LAKE BUENA VISTA, Fla. -- It wasn’t always pretty for Temple in its battle against Texas A&M at the Orlando Invitational on Friday.
Owls coach Aaron McKie knows, however, there are no points for style, so he’ll take what he can get. Eventually, he liked what he saw as Temple pulled away and beat the Aggies, 65-42, at HP Field House.
“We’re a work in progress, and I’ll take it,” McKie said. “Typically, this time of year your defense is a little ahead of your offense. But at some point we have to start making more open shots, and we certainly got some good looks.”
Temple’s Quinton Rose took advantage of some of his looks and was a force on both ends of the floor. Rose had struggled in the tournament opener against Maryland and only scored 9 points. On Friday, he was much more in the flow and he scored 19 points on 6-of-14 shooting, which included making 2-of-5 three-pointers. He also had six rebounds, four assists and two steals.
“It was a more open game. They didn’t play any zone. It was more man-to-man,” McKie said. “[Rose] is much more comfortable playing with the ball in his hands and trying to beat guys off the bounce than playing against the zone.”
The two teams slugged it out, blow for blow, in the early stages until Temple finally started to gain some separation. After an 11-2 spurt that pulled A&M to within 40-35 with 10 minutes, 26 seconds left, Temple started to pick up the pace. J.P. Moorman, Rose and Alani Moore II all had three-pointers during the Owls’ own 11-0 clip that pretty much put the game out of reach with the Owls pulling ahead, 51-35.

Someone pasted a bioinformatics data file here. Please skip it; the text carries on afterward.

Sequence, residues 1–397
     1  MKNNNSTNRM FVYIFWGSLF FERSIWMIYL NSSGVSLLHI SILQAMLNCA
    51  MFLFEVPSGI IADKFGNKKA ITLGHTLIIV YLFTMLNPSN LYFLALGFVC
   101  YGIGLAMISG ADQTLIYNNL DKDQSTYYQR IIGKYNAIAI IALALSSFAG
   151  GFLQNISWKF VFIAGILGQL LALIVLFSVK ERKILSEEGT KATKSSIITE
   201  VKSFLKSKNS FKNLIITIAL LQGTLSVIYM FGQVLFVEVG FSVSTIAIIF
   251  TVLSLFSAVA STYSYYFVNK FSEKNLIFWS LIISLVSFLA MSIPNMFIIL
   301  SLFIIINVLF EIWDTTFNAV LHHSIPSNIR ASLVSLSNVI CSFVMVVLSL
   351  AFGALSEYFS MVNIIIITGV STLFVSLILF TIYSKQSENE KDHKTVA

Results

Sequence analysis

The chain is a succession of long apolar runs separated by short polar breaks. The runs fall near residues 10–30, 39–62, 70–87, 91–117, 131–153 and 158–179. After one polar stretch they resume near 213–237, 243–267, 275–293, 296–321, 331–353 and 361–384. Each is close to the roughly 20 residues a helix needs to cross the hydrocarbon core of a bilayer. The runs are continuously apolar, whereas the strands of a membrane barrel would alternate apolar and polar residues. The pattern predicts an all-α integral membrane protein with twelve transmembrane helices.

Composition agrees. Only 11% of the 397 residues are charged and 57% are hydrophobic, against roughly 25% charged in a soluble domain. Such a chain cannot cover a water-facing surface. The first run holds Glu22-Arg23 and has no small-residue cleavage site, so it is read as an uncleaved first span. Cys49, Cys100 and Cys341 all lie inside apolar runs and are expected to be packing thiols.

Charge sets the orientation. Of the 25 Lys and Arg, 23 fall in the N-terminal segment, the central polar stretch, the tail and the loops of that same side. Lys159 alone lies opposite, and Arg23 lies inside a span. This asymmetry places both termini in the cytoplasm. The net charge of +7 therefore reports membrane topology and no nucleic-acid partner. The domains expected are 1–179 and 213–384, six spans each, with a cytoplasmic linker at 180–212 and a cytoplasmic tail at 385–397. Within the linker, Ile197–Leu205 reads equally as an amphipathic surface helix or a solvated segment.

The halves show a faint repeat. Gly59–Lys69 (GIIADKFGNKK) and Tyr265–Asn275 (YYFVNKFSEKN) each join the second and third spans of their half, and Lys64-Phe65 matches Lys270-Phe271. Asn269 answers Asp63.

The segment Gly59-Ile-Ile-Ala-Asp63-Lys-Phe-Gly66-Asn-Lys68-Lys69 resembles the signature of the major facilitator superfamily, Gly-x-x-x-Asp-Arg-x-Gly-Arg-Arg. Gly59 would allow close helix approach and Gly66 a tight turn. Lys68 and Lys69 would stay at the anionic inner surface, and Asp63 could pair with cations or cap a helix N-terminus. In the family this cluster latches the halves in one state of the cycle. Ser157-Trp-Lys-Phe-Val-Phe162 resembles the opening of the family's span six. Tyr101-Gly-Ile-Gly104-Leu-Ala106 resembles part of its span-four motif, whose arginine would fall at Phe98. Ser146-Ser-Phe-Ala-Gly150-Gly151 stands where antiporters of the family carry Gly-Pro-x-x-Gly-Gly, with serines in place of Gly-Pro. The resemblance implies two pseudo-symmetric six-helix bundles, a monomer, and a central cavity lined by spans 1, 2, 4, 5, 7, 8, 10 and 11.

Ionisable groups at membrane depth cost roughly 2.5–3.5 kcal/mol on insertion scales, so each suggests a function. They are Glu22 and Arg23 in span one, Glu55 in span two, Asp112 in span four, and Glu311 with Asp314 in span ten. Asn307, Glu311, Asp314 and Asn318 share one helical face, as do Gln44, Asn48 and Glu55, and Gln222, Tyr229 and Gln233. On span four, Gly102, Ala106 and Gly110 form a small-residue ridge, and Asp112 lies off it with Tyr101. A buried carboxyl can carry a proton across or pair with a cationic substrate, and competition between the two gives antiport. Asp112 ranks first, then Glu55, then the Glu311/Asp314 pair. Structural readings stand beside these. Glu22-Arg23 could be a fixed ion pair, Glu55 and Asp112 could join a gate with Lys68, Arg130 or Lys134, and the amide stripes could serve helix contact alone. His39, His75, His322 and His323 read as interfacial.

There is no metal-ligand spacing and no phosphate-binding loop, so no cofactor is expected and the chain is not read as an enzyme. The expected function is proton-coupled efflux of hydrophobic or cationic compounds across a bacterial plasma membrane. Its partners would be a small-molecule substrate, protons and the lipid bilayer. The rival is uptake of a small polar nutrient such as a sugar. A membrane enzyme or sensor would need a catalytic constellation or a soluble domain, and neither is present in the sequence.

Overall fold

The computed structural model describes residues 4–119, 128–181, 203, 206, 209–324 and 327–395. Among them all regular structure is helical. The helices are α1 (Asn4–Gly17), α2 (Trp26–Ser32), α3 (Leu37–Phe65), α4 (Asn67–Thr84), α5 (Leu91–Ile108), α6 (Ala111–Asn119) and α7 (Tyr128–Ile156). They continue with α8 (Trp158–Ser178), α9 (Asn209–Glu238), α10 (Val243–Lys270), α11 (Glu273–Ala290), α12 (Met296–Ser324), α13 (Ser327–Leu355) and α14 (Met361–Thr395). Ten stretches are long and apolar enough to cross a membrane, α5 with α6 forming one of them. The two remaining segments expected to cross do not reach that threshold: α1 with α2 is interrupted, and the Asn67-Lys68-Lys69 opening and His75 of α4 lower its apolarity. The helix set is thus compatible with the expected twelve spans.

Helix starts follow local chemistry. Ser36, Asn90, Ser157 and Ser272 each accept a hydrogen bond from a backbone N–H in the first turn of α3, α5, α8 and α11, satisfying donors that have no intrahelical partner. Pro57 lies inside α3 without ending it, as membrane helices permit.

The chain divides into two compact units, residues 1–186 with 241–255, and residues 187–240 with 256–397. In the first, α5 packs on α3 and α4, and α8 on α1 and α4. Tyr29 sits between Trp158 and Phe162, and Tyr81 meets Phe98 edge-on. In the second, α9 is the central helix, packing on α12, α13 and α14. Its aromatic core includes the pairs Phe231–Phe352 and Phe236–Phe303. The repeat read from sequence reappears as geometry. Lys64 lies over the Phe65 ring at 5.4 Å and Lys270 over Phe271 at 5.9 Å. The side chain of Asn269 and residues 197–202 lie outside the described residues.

“Yesterday I struggled making shots, but I just tried to impact the game in other ways,” Rose said. “Rebounding, finding my teammates, just playing hard on defense. … Today I just kept that same energy, and shots fell today.”
While the offense was clicking, the defense was also doing its part, and the Owls shut down A&M during the latter stage of the game. The Aggies made just one field goal during a stretch of a little more than five minutes and scored just five points in the last 10 minutes.
“We just dug in for those few minutes, especially defensively, dug in and got stops, rebounded and we just preached getting good shots on offense and that’s what we did," McKie said. "Guys bought in, and that’s what happened.”
Temple hit nearly 48 percent (11-of-23) of its shots in second half and ended up at 44 percent for the game. Overall, it was enough to get Temple to 5-1 on the young season. But McKie knows the Owls have some work to do.
“We got complacent and careless with the ball, as we do in spots in games, and I always tell these guys, ‘Ball security is so important to us. Just take care of the ball,’ ” McKie said of his team, which had 12 turnovers. “We had a couple of live ball turnovers and [Texas A&M] got energized behind that and got back in the game. But we were poised enough to get some separation and make our run down the stretch.”
And as much as Temple was hitting shots, the defense played an even larger part in A&M’s frustration. The Aggies shot just 22.4 percent from the field (13-of-58).
“We’re going to play defense no matter what. That’s what we hang our hats on,” Rose said. “We know some games shots are going to fall. Some games they’re not. But we know we can play defense and bring that every day.”